David Stacey

Good Luck To The Journeyman

Musical Traditions Records MTCD360

The Yellow Handkerchief;  Wexford Town;  When the Nightingale Sings;  The Song of the Thrush;  The Maids of Australia;  Camden Town;  Dolly Dimple;  Hail the Dewy Morning;  The Oyster Girl;  The Young Sailor Cut Down;  The Trombone;  The Tarry Sailor;  A Group of Young Squaddies;  The Crab Fish;  The Game of All Fours;  The Old Miser;  Riding Down to Portsmouth;  The Banks of the Nile;  The King of the Gypsies;  La de da de da;  Lovely Joan;  The Roving Journeyman;  The Trees They do Grow High;  McCaffery.
Who is David Stacey?  Folkies might well ask, since folk clubs and festivals have not been his thing, and few will have heard him perform live.  Instead, his working life, including on the apple harvest in Kent in the 1960s and '70s, has at times brought him into contact with singers of old fashioned and traditional songs.

Some of his sources are very impressive – for example, he was lucky enough to make the acquaintance of Mary Ann Haynes’ son Ted, from whom he learned that Mary was a wonderful singer with a fine lot of songs, and that led to noted collector Mike Yates recording her.  Other Traveller relatives he met and sang with in the same era included Jasper and Levi Smith, and Ambrose Cooper – all names that mean a great deal to us today.  In the '80s he also learned songs from the elderly Saffron Walden singer, Walter Jarvis.  That said, David also learned songs from records of traditional singers from the Topic label (and likely other labels also), and even from The Penguin Book of English Folk Songs.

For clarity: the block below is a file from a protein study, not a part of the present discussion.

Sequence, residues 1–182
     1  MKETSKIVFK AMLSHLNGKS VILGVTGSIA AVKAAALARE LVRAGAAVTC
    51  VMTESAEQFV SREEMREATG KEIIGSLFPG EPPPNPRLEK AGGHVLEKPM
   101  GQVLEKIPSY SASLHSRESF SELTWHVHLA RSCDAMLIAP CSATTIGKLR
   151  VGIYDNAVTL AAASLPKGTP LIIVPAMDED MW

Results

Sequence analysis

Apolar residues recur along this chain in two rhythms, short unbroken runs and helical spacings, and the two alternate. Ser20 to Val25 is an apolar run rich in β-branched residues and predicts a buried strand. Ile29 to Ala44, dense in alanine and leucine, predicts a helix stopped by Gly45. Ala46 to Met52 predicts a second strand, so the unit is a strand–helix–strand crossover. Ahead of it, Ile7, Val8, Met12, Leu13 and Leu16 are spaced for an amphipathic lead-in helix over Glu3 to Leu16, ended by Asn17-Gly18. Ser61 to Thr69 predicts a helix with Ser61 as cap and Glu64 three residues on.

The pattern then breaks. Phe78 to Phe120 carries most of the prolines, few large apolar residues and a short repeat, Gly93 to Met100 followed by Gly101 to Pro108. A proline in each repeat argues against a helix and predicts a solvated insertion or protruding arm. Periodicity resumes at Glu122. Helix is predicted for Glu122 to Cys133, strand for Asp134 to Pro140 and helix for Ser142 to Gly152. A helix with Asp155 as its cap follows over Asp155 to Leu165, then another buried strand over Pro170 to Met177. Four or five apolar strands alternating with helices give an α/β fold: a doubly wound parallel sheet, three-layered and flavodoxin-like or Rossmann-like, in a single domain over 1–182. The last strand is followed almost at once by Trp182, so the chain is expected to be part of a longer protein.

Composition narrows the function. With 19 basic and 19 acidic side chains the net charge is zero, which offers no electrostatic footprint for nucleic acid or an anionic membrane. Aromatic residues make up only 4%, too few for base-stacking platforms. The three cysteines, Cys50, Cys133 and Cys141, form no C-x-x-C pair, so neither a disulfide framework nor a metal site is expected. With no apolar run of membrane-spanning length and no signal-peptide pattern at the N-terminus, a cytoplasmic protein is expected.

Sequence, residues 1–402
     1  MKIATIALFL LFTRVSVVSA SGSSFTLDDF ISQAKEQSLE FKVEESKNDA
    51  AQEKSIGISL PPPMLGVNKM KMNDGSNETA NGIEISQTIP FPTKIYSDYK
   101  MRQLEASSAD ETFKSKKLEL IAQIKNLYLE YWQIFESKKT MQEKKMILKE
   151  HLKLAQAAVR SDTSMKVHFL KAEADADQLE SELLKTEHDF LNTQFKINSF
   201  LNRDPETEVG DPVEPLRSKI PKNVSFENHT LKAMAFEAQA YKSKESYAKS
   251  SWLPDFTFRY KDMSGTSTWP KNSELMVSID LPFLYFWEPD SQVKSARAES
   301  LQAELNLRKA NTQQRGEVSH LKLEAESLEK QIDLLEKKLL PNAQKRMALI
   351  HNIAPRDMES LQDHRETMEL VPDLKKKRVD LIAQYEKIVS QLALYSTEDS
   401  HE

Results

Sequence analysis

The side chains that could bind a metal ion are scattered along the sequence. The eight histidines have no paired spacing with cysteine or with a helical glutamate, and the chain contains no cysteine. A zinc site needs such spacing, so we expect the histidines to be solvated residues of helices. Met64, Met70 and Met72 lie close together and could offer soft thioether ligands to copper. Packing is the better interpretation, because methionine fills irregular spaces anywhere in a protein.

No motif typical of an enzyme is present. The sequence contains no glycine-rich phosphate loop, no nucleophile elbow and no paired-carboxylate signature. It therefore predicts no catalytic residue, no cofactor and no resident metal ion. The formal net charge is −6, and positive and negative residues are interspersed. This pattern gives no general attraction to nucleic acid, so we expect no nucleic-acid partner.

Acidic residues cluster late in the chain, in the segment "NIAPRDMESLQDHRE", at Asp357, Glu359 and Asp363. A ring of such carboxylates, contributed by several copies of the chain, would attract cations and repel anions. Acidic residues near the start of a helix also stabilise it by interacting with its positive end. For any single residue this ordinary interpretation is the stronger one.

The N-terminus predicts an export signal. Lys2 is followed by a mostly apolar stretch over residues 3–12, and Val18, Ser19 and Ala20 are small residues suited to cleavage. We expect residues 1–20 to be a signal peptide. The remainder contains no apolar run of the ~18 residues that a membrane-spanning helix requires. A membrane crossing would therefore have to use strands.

Turning to the songs and the singing on this CD, David has a good, highish voice and a charming, decorated – but not over-decorated – delivery that clearly owes a lot to the people from his sources: his style varies subtly from song to song, perhaps influenced by the singer from whom he learned the song, which adds to the interest.  Some of his repertoire is familiar, but among them are some great versions of well-known pieces – his The Yellow Handkerchief alone is worth the cost of the CD.  Some other favourites are The Young Sailor Cut Down and the title track The Roving Journeyman.

So who is David Stacey, the singer?  Musical Traditions’ Rod Stradling regards him as ‘not a traditional singer’, but I’d argue that with his background and sources he in some sense straddles the definitions of both the traditional and the revivalist.  In our mightily connected and confusing world, it seems only reasonable that such people should exist.

Gavin Atkin - 26.11.15
writing in EDS

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